The World Bank spoke yesterday on Nigeria’s economic future, saying President-elect Muhammadu Buhari’s plan to tackle corruption will have consequences.
The bank projected a drop in the economic growth rate of Sub-Saharan Africa from 4.5 per cent in 2014 to 4.0 per cent in 2015.
The bank’s Chief Economist for Africa, Mr Francisco Ferreira, spoke during a video conference to inaugurate ‘Africa Pulse’, a World Bank Group analysis on issues shaping Africa’s economic prospects. The conference was monitored in Abuja
“I think it is very well spelt because institutions are built in parts on norms; one norm that has to be changed is the norm of impunity.
“I think the decision, hopefully, will have consequences for the future as institutions will be stronger and norms will be cleaner,” Ferreira said.
According to him, the downturn largely reflects the fall in the prices of oil and other commodities.
“The 2015 forecast is below the 4.4 per cent average annual growth rate of the past two decades and well short of Africa’s peak growth rates of 6.4 per cent in 2002 to 2008.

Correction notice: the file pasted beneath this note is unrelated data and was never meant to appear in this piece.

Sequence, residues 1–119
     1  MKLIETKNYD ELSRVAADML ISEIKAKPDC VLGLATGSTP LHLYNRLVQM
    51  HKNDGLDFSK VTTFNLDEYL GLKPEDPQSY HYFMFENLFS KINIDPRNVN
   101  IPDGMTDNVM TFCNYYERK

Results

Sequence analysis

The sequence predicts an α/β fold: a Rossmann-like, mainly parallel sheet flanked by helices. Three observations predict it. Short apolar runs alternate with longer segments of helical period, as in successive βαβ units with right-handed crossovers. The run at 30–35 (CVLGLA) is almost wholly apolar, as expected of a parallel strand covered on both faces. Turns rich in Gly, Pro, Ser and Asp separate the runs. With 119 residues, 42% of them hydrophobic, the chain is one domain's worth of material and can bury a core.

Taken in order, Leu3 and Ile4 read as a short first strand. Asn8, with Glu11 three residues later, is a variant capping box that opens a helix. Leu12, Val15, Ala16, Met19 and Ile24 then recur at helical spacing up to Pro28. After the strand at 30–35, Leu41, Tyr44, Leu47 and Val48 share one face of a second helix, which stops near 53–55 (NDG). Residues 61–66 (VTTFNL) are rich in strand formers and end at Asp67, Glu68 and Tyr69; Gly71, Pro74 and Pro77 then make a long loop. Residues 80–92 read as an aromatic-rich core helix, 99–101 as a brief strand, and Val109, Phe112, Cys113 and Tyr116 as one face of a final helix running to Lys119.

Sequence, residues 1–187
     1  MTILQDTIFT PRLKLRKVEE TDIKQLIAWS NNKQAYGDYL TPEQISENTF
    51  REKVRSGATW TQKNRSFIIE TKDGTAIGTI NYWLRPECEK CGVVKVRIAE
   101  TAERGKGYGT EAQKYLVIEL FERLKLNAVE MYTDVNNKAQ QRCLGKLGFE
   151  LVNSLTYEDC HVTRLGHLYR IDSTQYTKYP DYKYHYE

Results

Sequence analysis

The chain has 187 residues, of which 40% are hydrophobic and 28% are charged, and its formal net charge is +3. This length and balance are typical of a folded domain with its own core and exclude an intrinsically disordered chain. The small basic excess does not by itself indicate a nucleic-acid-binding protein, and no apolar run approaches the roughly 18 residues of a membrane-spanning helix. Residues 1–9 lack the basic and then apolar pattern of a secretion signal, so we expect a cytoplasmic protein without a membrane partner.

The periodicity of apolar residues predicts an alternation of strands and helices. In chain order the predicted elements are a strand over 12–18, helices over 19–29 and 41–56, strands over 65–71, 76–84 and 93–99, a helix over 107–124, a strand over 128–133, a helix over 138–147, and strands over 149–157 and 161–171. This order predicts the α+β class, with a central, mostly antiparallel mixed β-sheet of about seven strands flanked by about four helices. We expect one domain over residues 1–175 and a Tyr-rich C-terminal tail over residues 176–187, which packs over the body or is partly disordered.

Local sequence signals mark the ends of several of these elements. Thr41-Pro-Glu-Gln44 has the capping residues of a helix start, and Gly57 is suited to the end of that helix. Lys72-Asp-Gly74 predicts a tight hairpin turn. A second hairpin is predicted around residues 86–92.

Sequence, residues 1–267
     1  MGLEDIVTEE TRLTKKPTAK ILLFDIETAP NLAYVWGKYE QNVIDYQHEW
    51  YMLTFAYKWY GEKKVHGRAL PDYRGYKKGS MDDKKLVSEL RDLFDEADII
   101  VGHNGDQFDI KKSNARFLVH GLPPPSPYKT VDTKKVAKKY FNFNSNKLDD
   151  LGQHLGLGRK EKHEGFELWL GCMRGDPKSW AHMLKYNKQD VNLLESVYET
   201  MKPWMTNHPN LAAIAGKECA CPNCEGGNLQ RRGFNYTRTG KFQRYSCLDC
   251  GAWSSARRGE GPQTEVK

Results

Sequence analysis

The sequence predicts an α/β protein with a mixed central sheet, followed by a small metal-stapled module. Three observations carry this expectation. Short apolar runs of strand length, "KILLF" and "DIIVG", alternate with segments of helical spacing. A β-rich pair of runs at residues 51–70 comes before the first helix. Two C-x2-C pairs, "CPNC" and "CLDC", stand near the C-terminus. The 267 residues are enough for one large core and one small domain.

“Excluding South Africa, the average growth forecast for the rest of Sub-Saharan Africa is around 4.7 per cent”, Ferreira said.
Ferreira said an average decline, in terms of trade for Africa is about 18 per cent, a development he said, would lead to losses in purchasing power for the region.
He said that the decline in oil and commodity prices were among the challenges undermining the developmental gains made in the Sub-Saharan African.
“There is the issue of insurgency, fatalities as a result of conflicts, violence from political groups like the Boko Haram in Nigeria and Al-Shabaab in Kenya.
“The Ebola outbreak in Guinea, Liberia, and Sierra Leone has highlighted pre-existing weaknesses in the health systems of the three most affected countries, as well as others.
“A World Bank study estimated that the three countries will face at least $1.6 billion in forgone economic growth in 2015,’’ he said.
Also speaking, Ms Punam Chuhan-Pole, the bank’s Lead Economist said: “Large fiscal deficits and inefficient government spending remain sources of vulnerability for many countries of the region.
“It is urgent that these countries strengthen their fiscal positions and fortify their resilience against external shocks.”
She said beyond macroeconomic policies, there was the need for structural reforms to ignite and sustain productivity growth in all sectors in the region.
Chuhan-Pole, also said the region should focus on policies that would promote growth, adding that the poor should be considered when implementing structural reforms.